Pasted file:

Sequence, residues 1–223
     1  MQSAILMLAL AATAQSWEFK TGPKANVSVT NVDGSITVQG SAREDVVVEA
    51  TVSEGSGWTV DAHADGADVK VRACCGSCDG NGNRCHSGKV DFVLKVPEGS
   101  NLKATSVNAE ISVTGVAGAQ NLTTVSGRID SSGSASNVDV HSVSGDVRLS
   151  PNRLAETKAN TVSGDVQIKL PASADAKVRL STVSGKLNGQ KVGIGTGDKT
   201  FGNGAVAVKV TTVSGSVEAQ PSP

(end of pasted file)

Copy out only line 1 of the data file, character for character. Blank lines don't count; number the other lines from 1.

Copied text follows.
Sequence, residues 1–223